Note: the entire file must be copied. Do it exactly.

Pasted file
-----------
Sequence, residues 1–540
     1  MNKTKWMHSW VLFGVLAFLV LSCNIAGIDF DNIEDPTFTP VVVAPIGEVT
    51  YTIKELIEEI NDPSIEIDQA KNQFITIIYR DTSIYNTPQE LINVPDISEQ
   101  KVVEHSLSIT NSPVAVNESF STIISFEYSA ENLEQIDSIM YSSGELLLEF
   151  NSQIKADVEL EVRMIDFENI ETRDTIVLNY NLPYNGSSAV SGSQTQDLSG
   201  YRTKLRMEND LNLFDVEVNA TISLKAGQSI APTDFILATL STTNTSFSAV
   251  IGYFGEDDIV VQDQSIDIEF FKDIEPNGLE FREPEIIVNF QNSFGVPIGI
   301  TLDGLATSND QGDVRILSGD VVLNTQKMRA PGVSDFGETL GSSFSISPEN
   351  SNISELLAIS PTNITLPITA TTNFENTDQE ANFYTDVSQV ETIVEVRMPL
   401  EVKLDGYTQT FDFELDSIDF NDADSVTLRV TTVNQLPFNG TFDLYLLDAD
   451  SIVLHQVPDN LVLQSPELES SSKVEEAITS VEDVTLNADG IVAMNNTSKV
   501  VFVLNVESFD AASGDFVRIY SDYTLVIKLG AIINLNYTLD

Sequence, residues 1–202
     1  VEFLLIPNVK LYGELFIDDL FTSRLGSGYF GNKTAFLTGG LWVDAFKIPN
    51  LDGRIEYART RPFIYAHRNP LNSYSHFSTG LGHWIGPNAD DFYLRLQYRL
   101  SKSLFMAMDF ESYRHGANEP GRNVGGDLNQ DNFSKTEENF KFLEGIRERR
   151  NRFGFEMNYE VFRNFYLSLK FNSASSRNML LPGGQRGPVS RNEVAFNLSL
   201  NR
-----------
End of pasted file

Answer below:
Sequence, residues 1–540
     1  MNKTKWMHSW VLFGVLAFLV LSCNIAGIDF DNIEDPTFTP VVVAPIGEVT
    51  YTIKELIEEI NDPSIEIDQA KNQFITIIYR DTSIYNTPQE LINVPDISEQ
   101  KVVEHSLSIT NSPVAVNESF STIISFEYSA ENLEQIDSIM YSSGELLLEF
   151  NSQIKADVEL EVRMIDFENI ETRDTIVLNY NLPYNGSSAV SGSQTQDLSG
   201  YRTKLRMEND LNLFDVEVNA TISLKAGQSI APTDFILATL STTNTSFSAV
   251  IGYFGEDDIV VQDQSIDIEF FKDIEPNGLE FREPEIIVNF QNSFGVPIGI
   301  TLDGLATSND QGDVRILSGD VVLNTQKMRA PGVSDFGETL GSSFSISPEN
   351  SNISELLAIS PTNITLPITA TTNFENTDQE ANFYTDVSQV ETIVEVRMPL
   401  EVKLDGYTQT FDFELDSIDF NDADSVTLRV TTVNQLPFNG TFDLYLLDAD
   451  SIVLHQVPDN LVLQSPELES SSKVEEAITS VEDVTLNADG IVAMNNTSKV
   501  VFVLNVESFD AASGDFVRIY SDYTLVIKLG AIINLNYTLD

Sequence, residues 1–202
     1  VEFLLIPNVK LYGELFIDDL FTSRLGSGYF GNKTAFLTGG LWVDAFKIPN
    51  LDGRIEYART RPFIYAHRNP LNSYSHFSTG LGHWIGPNAD DFYLRLQYRL
   101  SKSLFMAMDF ESYRHGANEP GRNVGGDLNQ DNFSKTEENF KFLEGIRERR
   151  NRFGFEMNYE VFRNFYLSLK FNSASSRNML LPGGQRGPVS RNEVAFNLSL
   201  NR